concentrates market is a $50 billion global business. By digitizing
transactions and shipments, the consortium aims to reduce losses and
inefficiencies of paper tracking.
Open Mineral is a cloud-based exchange that “makes it easy
to competitively buy and sell base metal concentrates and ensure efficient
trade execution,” according to its website. The platform was launched in early
July by a group of ex-traders from Glencore, a Swiss commodity trading firm.
The metals industry needs to track large quantities of
shipments from the mine to end users such as manufacturers. In theory, that can
be done with decentralized blockchain databases, which can register
Like with most supply chains, tracking shipments can be a
paper-intensive endeavor. The goal of Minerac is to use a blockchain platform
to record transactions in a distributed database so that all parties can see
the information simultaneously. Shipments will also be given a unique
complex, financing is difficult to acquire and the entire process is very paper
heavy,” Open Mineral Chief Executive Boris Eykher told Reuters. “Thus, the industry is primed for blockchain disruption to
simplify the trading process, (and) increase efficiency and profitability.”
To some degree,
the integration of distributed ledgers in the mining and metals industries is
just a step in the natural progression of digital business, similar to that of
any other step toward decentralization.
digitalisation going on all around the world – take taxis with the Uber, take
Amazon or eBay — stock trading is now on online platforms – all of these things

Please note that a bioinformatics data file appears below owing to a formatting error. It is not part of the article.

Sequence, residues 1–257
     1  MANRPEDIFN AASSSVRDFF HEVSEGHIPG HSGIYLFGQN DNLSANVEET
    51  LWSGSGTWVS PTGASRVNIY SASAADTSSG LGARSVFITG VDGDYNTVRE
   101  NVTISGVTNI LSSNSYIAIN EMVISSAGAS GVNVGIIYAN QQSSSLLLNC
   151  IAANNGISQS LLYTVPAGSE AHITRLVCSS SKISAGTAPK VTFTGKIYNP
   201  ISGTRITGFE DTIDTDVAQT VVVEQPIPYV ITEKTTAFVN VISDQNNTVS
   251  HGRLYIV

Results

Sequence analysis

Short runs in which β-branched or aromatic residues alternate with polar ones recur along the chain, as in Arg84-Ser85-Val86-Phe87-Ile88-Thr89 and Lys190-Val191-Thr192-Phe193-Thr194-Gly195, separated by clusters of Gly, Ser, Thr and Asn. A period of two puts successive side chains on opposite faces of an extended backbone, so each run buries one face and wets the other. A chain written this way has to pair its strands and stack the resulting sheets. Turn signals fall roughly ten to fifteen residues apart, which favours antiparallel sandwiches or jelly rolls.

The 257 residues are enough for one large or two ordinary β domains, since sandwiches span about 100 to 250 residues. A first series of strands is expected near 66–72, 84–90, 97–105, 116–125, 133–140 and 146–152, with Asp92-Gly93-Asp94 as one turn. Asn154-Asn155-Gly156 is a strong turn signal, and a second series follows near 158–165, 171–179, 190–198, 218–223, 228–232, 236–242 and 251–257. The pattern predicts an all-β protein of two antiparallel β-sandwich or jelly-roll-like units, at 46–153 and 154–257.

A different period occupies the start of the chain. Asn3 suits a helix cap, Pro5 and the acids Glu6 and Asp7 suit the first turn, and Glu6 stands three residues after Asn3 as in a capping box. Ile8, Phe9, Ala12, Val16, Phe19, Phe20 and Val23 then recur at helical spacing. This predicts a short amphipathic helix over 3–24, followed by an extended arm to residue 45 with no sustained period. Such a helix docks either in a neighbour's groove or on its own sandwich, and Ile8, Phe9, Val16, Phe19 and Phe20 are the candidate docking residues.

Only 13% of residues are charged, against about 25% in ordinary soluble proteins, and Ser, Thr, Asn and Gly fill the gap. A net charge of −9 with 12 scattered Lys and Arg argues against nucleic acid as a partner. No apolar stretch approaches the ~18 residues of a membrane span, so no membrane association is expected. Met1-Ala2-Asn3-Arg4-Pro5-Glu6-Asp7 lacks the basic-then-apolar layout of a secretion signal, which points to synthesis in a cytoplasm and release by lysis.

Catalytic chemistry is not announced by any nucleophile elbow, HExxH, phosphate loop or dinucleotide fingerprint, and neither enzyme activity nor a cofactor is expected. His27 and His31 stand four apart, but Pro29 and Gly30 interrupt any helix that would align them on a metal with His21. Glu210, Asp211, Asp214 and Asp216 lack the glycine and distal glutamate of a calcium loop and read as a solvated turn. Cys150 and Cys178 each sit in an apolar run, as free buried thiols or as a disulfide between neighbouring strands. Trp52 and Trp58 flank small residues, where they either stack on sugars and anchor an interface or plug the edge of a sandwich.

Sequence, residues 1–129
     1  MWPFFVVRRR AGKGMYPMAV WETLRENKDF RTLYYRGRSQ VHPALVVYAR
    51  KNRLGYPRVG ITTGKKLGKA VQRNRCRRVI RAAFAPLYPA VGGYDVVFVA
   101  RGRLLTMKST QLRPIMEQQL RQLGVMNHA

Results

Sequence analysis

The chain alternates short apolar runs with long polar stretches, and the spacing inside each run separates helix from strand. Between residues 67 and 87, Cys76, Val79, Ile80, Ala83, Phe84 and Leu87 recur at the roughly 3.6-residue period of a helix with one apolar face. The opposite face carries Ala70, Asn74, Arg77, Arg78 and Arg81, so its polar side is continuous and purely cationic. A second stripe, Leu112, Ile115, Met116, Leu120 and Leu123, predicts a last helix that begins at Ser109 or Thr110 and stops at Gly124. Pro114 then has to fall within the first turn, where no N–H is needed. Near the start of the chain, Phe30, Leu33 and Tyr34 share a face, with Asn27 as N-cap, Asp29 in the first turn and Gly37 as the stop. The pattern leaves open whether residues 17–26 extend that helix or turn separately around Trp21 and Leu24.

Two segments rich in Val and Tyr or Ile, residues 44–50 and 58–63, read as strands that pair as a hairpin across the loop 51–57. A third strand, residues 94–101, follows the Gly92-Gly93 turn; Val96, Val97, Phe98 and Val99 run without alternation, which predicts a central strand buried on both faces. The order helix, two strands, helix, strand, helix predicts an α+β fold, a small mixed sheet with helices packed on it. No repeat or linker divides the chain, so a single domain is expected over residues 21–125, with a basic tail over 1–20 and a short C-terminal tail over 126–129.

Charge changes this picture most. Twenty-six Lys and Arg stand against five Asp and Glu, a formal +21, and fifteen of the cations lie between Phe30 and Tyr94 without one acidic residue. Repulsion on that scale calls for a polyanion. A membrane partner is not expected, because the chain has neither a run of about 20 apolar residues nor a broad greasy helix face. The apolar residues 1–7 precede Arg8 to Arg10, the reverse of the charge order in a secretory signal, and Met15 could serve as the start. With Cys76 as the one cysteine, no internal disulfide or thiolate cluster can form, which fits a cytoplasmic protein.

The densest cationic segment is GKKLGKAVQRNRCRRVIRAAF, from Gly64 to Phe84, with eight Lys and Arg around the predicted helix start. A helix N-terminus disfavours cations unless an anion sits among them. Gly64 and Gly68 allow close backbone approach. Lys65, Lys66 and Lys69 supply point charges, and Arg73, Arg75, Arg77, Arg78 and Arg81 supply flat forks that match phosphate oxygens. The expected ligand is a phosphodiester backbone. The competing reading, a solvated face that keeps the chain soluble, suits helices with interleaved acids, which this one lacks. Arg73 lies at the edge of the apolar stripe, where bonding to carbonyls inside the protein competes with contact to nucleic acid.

become more efficient with digitalisation,” CEO Eykher told Metal Bulletin.
Open Minerals’ trading platform, one of
the key members of the consortium, is aspiring to become the eBay of metals
trading. It would “disrupt the decades-old model” for metal concentrates
markets, which have been dominated by large
global trading houses with often-opaque pricing methods.
What could make its blockchain platform useful
is that it will offer pricing transparency for metals. Producers and end users
would have access to the same information on shipments. Ultimately, smelters
and miners could enhance their returns by dealing directly in the metals market
because they wouldn’t have to deal with middlemen.
Using an online exchange, miners and
smelters would post their tenders on Open Minerals and then receive offers from
counterparties and close deals. They’d pay a fee to the platform for its use.
Performing online transactions is much
more efficient now than it was even a decade ago. A process that used to take
months now can be done in weeks. Time was wasted in moving paper documents back
and forth between suppliers, shippers and end users. It was even more
complicated in this space because ore has to be shipped from mines to smelters,
refiners and manufacturers.
Identification of minerals can now be
facilitated by blockchains and physical identification.
“Sealed bags of minerals would be stamped with tamper-proof
identification that will allow them to be traced to help ensure that they are
coming from compliant and conflict-free regions,” the Open Mineral statement
Despite its apparent economic benefits,
Open Mineral faces an uphill battle. Metals mining is a conservative industry
and one that is slow to change. And trading giants will fight to retain their
market share and profits.
The platform will initially focus on concentrates for zinc,
copper, lead, gold and silver. It currently has 100 registered members and is
planning to expand.